Globe-shaped sampler glass

I had the Bourbon County Stout before, in a 4-pack of 12-ounce bottles, and it was something of a disappointment.  I’d had the Founders KBS before (on tap at the brewery) and hoped that Goose Island would be able to compete with that.  What I tasted was very good, but not in the same class as the KBS.  I’m extremely happy to report that I was totally off base on that.  On tap, Bourbon County Stout is a revelation.  It’s huge, thick; viscous as motor oil and full of chocolate, bourbon, and coffee.  The clear winner on the night.  I still prefer the KBS overall (I think the flavors are a little more complex), but this is ever so close.

Dark Horse Plead the 5th
Russian Imperial Stout – Globe-shaped sampler glass

The lightest RIS I’ve ever encountered.  It pours brown and translucent with no real head by the time it was served.  A whiff of alcohol on the nose, not much more in terms of scent, it has a smooth mouthfeel with tastes of dark chocolate and a strong whisky finish.

Goose Island Imperial Brown Goose
Old Ale – Globe-shaped sampler glass

Pours dark brown with a persistent, thin off-white head.  Goose Island blended their 2004 and 2005 Christmas ales and aged them in 4-year-old Jim Beam and 12-year-old Heaven Hill bourbon barrels, and I can detect cinnamon and nutmeg among other spices alongside a mellow bourbon flavor.

Great Divide Oak Aged Yeti Imperial Stout
Russian Imperial Stout – Globe-shaped sampler glass

It smells like a beer, but tastes STRONGLY of charcoal smoke.  Must be the oak chips it’s been aged with, giving it a burnt flavor that lingers for a long time after the vanilla flavors fade away.

Avery Samael’s Ale
English Barleywine – Globe-shaped sampler glass

It tastes sweet and light, but packs a 14.5% ABV wallop and finishes with cinnamon and nutmeg.

Founders Backwoods Bastard
We Heavy Scotch Ale – Globe-shaped sampler glass

You can taste the Dirty Bastard under it all, but to me it tastes more like Devil Dancer than anything else.  It has that same way about it where it hits like a sledgehammer and lingers.

Founders Black Biscuit
Old Ale – Tulip glass

The pour overflowed the glass on the way over and now my hands smell like beer and chocolate.  Black Biscuit has a thin but persistently full head and pours thick and black.  This is a black old ale aged in bourbon barrels, and the chocolate, bourbon, and roasted malt flavors dominate.  It’s not quite as huge or complex as a bourbon stout, but the tradeoff is that it’s more drinkable.  Definitely give this one a try if you have the chance.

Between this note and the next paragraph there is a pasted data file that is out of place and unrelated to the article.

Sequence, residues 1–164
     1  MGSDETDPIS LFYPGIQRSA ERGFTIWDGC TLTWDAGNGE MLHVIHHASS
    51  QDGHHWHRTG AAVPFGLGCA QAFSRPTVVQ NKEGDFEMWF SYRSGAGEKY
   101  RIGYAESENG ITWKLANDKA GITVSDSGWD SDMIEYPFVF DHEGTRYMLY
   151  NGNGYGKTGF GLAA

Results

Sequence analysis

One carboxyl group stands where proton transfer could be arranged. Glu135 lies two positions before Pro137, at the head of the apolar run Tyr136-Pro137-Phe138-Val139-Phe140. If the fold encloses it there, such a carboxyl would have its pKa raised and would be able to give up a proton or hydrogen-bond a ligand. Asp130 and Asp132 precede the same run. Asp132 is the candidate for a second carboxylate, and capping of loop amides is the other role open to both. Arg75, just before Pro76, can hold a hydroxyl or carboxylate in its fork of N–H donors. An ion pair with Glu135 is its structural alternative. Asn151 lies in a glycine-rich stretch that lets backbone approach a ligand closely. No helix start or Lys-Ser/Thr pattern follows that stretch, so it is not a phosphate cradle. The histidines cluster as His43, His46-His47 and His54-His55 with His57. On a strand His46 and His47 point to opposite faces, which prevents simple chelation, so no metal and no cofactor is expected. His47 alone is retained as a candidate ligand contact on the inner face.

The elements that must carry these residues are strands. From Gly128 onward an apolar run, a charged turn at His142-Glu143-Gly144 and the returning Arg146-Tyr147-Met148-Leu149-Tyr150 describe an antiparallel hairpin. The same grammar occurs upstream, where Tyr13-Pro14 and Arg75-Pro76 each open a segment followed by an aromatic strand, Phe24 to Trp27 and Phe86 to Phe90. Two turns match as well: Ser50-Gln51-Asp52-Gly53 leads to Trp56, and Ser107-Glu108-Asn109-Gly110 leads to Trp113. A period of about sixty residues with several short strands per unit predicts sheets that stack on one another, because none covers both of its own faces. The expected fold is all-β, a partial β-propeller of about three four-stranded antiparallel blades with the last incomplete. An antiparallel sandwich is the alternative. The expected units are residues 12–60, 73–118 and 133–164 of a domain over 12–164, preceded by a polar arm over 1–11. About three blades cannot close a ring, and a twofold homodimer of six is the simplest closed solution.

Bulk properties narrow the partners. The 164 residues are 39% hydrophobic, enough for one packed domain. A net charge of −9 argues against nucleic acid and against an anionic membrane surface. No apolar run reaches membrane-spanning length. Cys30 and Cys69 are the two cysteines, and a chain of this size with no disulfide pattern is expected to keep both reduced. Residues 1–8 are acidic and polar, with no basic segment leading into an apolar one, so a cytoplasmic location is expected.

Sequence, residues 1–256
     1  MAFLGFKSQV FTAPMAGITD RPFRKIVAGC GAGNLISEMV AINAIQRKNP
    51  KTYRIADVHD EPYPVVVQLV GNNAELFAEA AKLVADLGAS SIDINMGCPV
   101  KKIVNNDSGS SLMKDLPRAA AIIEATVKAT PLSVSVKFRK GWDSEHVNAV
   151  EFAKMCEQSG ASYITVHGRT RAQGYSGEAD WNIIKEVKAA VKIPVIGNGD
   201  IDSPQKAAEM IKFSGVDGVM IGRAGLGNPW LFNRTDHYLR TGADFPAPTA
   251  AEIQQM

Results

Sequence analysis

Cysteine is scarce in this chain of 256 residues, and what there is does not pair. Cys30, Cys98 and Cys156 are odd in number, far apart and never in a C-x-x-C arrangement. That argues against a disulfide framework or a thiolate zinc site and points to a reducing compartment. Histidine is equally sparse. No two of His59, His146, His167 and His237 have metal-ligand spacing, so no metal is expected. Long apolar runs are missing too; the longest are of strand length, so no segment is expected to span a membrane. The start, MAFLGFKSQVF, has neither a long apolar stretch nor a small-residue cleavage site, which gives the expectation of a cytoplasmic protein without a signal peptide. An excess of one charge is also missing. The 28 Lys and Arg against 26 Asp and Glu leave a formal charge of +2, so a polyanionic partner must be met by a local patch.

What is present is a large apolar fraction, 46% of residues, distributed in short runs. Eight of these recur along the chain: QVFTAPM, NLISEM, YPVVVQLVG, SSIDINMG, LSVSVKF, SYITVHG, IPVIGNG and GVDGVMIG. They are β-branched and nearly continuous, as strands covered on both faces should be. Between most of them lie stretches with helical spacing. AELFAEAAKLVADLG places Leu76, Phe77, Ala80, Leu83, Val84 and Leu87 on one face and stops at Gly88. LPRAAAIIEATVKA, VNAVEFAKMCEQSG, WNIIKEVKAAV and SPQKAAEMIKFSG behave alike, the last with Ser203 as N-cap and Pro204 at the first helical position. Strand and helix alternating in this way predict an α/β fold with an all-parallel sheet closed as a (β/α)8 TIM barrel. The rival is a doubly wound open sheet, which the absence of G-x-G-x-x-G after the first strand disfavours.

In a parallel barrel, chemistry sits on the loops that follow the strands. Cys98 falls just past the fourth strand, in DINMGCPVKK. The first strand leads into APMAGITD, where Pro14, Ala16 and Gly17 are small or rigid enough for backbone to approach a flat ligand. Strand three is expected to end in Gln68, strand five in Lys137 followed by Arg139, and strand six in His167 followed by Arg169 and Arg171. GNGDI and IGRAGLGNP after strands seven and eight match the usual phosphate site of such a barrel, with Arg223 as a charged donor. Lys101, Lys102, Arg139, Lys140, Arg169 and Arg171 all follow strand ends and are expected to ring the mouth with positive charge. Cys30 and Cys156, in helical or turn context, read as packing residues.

Atwater Barrel Aged Cherry Stout Firkin
Stout – Globe-shaped sampler glass

Tastes like black cherries soaked in bourbon and dropped into a stout, but not overpowering the stout base.  I’m not a big fan of fruit beers, but I can see myself ordering this as a a full pour.

Founders. Sept 1st. Be There

Founders, for my money, is the best brewery in Michigan. If you haven’t tried their beer yet, well, you should. I’m from the Grand Rapids area, and every time I head home to see the family I try to get out to their tap house which has $3.75 (!) pints of many of their brews. The only beer clone we’ve ever brewed was an imitation of Red’s Rye.

What I’m trying to get at is that Founders is awesome. One of the biggest reasons for this, is how much they still seem to have that homebrewer’s mindset. They’re always experimenting, coming up with interesting and innovative beers. The best example of this may be their Nemesis Ale. Here’s how the brewers describe it:

What you have here is a rarity. A special, one-of-a-kind ale that is only made once a year. Sometimes that’s all. Forever. No more. Nada. Limited-time only. You never know what you’re gonna get. But you can be sure that it’ll be damn tasty.

This beer will be released on September 1st at their Grand Rapids taproom. Before then, only a handful of people will really know what it tastes like or even the style. One thing you can know, is that it will not be boring.

If taking a risk isn’t your thing, well they’re also releasing this year’s Breakfast Stout on the 1st as well.

I was planning on heading to start my move to Chicago on September 1st, but it might just be worthwhile to postpone that for a day to get my hands on some of the best beer in Michigan, the USA and possibly the world.